I am glad I came to Chicago to talk to the Knights of Columbus 2,000 strong here tonight. You have tremendous potential for good in Chicago -- but not only in Chicago.
The big "news" these days is Cuba, Castro, Communism and Latin America. One third of all the Catholics in the world live there.
What are the Knights of Columbus doing about Latin America? Cuba? about the 200 million Catholics who live there? Is there anything the Knights can do? Columbus -- Christopher Columbus -what language did he speak -- Spanish?
Do we reach out to communicate with the Spanish-speaking Catholics in Chicago? How many Puerto Rican, Spanish-speaking Americans are in this audience tonight? How many are members of the Knights of Columbus? What about the, Latin Americans who are full-blooded Indians? Guatemala, for example, is populated by people, 80% of whom are full-blooded Indians. Would they meet any North American Indians the Knights of Columbus? Or, if they were here tonight, would they remember only how we Anglo-Saxons slaughtered the Indians of North America?
What about the millions of Catholic negroes in Latin America? in Brazil? in Panama? in Jamaica? in Venezuela?
While the journalists and politicians swarm and hover like vultures and jackals about the bloody and tragic carcass of Christian Cuba, vying with one another for credit or charging one another with blame, what are Catholic Americans like all of us here in the Knights of Columbus doing about Brazil -- one hundred times bigger and more important than Cuba? Are we helping Brazil?
Would a Brazilian Catholic negro be welcome here tonight?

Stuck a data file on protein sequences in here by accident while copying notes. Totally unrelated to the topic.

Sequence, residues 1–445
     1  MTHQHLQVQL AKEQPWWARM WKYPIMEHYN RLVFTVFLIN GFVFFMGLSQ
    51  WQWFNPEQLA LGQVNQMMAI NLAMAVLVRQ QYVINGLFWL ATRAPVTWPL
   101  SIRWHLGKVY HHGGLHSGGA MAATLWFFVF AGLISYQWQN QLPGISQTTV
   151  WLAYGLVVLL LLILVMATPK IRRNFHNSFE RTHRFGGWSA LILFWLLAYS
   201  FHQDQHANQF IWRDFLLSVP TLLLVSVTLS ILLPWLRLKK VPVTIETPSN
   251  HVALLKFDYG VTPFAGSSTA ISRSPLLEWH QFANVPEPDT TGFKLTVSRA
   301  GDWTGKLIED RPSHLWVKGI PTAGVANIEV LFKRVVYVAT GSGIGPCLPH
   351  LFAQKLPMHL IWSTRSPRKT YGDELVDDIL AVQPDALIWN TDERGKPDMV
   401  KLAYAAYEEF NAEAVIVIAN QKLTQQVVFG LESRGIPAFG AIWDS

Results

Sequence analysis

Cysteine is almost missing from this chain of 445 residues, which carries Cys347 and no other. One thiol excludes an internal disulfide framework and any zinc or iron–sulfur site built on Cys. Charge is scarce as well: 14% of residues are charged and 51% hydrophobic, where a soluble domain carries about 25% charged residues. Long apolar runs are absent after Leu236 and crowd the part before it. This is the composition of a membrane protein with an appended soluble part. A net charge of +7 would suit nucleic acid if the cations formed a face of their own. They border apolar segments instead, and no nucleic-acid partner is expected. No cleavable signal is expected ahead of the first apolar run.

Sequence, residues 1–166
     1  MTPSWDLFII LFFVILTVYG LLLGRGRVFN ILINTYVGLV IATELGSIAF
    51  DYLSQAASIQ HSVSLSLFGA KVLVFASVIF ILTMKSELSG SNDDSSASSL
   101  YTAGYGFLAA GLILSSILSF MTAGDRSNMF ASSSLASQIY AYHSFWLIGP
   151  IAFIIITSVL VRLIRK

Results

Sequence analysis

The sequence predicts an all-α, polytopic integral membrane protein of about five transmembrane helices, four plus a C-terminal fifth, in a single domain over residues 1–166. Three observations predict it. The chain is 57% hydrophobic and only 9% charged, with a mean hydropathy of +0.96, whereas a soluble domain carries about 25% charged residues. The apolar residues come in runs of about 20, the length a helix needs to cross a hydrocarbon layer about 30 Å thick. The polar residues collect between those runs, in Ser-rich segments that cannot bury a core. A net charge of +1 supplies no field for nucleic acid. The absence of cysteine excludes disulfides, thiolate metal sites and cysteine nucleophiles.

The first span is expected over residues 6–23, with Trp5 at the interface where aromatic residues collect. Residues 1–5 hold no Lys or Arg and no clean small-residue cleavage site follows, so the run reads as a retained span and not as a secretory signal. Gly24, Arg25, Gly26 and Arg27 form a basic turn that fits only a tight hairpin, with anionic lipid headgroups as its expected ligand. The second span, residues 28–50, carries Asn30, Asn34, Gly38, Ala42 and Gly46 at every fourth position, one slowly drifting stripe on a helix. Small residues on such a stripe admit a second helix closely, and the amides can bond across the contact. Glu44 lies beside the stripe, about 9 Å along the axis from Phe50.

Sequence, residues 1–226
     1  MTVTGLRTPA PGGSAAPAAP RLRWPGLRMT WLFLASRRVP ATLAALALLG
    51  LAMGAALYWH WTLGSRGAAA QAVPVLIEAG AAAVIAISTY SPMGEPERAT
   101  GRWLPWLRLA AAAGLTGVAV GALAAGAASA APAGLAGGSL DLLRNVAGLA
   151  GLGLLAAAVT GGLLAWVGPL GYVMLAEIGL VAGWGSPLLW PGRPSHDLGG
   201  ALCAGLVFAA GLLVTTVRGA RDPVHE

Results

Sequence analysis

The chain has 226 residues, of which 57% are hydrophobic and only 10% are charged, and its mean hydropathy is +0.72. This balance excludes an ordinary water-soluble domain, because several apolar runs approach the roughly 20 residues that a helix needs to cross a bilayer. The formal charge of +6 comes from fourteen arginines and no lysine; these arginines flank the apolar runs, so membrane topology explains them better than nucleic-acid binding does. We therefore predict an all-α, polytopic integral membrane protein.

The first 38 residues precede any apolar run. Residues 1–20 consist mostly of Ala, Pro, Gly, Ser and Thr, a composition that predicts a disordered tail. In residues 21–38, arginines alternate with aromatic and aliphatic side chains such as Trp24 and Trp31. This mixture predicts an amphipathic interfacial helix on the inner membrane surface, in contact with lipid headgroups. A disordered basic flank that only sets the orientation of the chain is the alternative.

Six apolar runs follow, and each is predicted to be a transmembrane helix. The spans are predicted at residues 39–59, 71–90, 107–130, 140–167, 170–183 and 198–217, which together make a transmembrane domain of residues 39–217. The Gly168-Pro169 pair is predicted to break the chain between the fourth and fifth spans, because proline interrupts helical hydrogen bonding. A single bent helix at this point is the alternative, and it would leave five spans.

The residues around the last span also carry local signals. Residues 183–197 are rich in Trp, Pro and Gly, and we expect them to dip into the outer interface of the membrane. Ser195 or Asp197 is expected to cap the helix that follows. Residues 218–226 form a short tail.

The greatest burden carried by both Eisenhower and Kennedy in their dealings with Latin Americans is our failure as North Americans to respect the Spanish culture, the Indian heritage, the multi-racial background of most Latin peoples. These peoples, frankly, honestly, but politely, don’t believe we want them as friends and equals. In their eyes, North Americans, even their co-religionists, we North American Catholics, show very few signs of treating South Americans, American Indians, or Negroes, as equals.
Communism grows and spreads like cancer in this kind of psychological and spiritual atmosphere. Are we actually nurturing Communism in Latin America by our actions and attitudes in North America?
These are hard questions -- perhaps impolite, rude questions. But these are the questions I have to answer all over South and Central America -- all over Africa -- all over Asia.
So far I have always answered "yes" -- I have said "yes" we North Americans do believe in the equality of all men -- we do believe that "all men are created equal" -- we do believe, and are willing to practice the principles of our Declaration of Independence, our Constitution.
In Burma the Premier, U Nu, asked me: "Mr. Shriver, will the Peace Corps Volunteers believe in and practice democracy with the same zeal and faith that the Chinese Communists practice Communism? I said "yes." In Indonesia the Foreign Minister, Subandrio said to me: "Do the people of the United States -do the Peace Corps Volunteers really believe in the equality of all peoples? Are you sincerely ready to respect diverse, different races of men, different cultures, different languages, different methods of organizing society?" Again I said "yes."